Diabetic neuropathy is nerve damage that can occur in people with diabetes. Different types of nerve damage cause different symptoms. Symptoms can range from pain and numbness in your feet to problems with the functions of your internal organs, such as your heart and bladder.
Overtime poorly controlled Diabetes causes damage to the small blood vessels which supply the nerves( the connections to your brain) throughout your body leading to nerve damage and this is called Diabetic neuropathy.
There are three types of neuropathy. They are sensory, autonomic and motor.
Autonomic neuropathy is damage to nerves that control your internal organs, leading to problems with your heart rate, blood pressure, digestive system, bladder, sex organs, sweat glands, and eyes etc. The damage can also lead to hypoglycemia unawareness.
This affects the nerves which control movement. Damage to these nerves leads to weakness and wasting of the muscles that receive messages from the affected nerves.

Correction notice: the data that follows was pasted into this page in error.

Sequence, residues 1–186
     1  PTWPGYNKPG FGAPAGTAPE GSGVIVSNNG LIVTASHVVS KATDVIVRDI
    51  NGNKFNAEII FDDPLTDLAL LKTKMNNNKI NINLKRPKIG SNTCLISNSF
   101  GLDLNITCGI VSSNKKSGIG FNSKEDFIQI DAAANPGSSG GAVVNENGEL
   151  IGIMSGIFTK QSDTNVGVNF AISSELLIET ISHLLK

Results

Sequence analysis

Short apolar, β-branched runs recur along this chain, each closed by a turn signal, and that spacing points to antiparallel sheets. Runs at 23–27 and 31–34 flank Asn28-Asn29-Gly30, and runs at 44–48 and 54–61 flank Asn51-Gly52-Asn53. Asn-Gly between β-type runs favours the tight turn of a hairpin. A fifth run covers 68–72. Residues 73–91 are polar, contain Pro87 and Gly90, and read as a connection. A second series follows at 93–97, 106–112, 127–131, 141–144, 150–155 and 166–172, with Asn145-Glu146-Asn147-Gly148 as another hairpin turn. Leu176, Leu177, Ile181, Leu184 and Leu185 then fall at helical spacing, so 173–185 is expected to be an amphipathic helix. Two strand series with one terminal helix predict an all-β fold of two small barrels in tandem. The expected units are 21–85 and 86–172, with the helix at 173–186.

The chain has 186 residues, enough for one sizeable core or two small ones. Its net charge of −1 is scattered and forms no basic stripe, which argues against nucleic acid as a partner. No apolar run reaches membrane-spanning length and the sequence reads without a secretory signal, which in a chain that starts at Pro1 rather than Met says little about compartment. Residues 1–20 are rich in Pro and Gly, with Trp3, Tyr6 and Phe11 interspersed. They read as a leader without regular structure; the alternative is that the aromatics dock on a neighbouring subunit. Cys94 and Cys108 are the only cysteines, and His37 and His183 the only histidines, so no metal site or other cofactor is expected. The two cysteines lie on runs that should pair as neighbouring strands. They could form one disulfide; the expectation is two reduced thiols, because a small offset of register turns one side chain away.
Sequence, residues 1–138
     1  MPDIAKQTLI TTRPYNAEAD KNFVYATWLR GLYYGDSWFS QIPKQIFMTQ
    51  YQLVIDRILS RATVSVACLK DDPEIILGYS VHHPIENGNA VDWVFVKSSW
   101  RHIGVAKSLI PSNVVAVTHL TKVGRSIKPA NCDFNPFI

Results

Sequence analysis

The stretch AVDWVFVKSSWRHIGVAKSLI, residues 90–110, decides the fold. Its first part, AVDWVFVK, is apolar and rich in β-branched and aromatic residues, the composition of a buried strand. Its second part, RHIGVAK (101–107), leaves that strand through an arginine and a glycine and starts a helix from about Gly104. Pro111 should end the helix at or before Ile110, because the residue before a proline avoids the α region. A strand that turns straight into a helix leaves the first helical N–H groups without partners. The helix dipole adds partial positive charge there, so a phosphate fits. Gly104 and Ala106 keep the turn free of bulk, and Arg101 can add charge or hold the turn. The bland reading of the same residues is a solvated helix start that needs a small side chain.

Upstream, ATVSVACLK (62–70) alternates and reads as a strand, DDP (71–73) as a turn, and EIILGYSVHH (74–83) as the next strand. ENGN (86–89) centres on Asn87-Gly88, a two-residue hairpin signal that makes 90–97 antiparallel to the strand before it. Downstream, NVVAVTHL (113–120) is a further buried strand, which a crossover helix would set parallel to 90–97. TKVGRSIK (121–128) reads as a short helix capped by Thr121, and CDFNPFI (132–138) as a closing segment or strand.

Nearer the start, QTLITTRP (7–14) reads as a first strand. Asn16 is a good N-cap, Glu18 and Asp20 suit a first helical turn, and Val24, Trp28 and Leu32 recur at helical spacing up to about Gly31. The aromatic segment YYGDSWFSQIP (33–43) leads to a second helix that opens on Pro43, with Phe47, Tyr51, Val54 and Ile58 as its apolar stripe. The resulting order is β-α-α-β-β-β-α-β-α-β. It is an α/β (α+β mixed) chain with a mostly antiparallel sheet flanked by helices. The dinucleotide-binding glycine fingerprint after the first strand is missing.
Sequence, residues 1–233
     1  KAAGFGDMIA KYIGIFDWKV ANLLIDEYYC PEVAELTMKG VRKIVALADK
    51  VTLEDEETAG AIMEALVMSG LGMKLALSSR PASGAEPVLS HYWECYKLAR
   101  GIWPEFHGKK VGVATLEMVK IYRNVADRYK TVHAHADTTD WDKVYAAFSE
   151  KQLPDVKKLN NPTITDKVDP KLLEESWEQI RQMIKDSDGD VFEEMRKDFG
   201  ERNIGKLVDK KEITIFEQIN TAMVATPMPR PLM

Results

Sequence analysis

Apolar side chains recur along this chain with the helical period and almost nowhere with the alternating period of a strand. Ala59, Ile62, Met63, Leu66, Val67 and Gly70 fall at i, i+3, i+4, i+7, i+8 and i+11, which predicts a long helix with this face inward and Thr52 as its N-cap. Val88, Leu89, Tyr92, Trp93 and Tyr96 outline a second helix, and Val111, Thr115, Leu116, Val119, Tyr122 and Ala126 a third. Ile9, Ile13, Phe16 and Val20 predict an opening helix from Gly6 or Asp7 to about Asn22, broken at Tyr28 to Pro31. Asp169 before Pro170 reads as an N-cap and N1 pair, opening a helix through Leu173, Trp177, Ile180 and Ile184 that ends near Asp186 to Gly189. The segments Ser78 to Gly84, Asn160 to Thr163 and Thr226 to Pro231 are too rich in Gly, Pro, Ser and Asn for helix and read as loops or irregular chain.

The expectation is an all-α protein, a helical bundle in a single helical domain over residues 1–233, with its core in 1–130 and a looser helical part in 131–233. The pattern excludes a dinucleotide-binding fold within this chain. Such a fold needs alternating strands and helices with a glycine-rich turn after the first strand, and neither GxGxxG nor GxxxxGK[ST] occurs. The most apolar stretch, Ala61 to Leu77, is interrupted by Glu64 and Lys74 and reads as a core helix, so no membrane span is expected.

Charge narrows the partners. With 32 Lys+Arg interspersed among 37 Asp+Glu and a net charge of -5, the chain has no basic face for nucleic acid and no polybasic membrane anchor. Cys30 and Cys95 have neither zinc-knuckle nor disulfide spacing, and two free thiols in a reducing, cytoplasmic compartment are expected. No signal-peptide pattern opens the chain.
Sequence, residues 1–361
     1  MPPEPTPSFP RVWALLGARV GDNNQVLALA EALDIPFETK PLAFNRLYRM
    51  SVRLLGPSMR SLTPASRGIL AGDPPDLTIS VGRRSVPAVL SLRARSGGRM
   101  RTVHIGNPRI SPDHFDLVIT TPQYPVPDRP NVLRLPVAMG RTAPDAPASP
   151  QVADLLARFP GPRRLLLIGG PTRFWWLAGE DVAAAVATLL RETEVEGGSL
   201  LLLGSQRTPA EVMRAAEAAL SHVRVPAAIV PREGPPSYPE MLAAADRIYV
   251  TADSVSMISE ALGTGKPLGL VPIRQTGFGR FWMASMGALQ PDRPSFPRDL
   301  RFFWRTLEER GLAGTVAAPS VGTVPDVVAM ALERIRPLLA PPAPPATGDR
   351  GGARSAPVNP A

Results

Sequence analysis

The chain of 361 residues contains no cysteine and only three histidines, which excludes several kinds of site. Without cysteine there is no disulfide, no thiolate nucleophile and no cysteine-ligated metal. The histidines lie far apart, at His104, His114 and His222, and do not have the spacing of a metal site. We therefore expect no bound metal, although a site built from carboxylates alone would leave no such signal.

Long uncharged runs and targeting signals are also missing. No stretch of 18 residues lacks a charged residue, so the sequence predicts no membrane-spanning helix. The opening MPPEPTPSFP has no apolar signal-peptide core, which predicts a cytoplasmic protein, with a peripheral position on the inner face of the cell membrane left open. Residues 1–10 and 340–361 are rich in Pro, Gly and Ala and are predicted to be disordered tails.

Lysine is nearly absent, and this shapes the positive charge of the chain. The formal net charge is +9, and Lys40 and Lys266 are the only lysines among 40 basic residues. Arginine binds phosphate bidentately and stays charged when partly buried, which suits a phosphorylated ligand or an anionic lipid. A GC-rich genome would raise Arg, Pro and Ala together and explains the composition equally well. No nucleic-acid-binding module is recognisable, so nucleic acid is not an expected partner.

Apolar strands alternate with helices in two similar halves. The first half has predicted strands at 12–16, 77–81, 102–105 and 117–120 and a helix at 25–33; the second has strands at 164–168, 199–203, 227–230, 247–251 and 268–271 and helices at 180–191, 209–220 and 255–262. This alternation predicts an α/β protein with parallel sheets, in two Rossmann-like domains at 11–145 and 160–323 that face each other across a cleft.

This affects the nerves that carry messages of touch, temperature, pain and other sensations from the skin, bones and muscles to the brain. It mainly affects the nerves in the feet and the legs, but people can also develop this type of neuropathy in their arms and hands.
The main danger of sensory neuropathy for someone with diabetes is the loss of feeling in the feet, especially if you don’t realise that this has happened. This is dangerous because you may not notice minor injuries. If ignored, minor injuries may develop into infections or ulcers.
People with diabetes are more likely to be admitted to hospital with a foot ulcer than with any other diabetes complication. Charcot’s joint is a rare complication of people with diabetes who have severe neuropathy. It happens when an injury to the foot causes a broken bone, which may go unnoticed because of the existing neuropathy. The bone then heals abnormally, causing the foot to become deformed and misshapen. Treatment includes immobilizing the foot in a plaster cast and in some cases surgery.
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Sources: https://www.niddk.nih.gov, Diabetes UK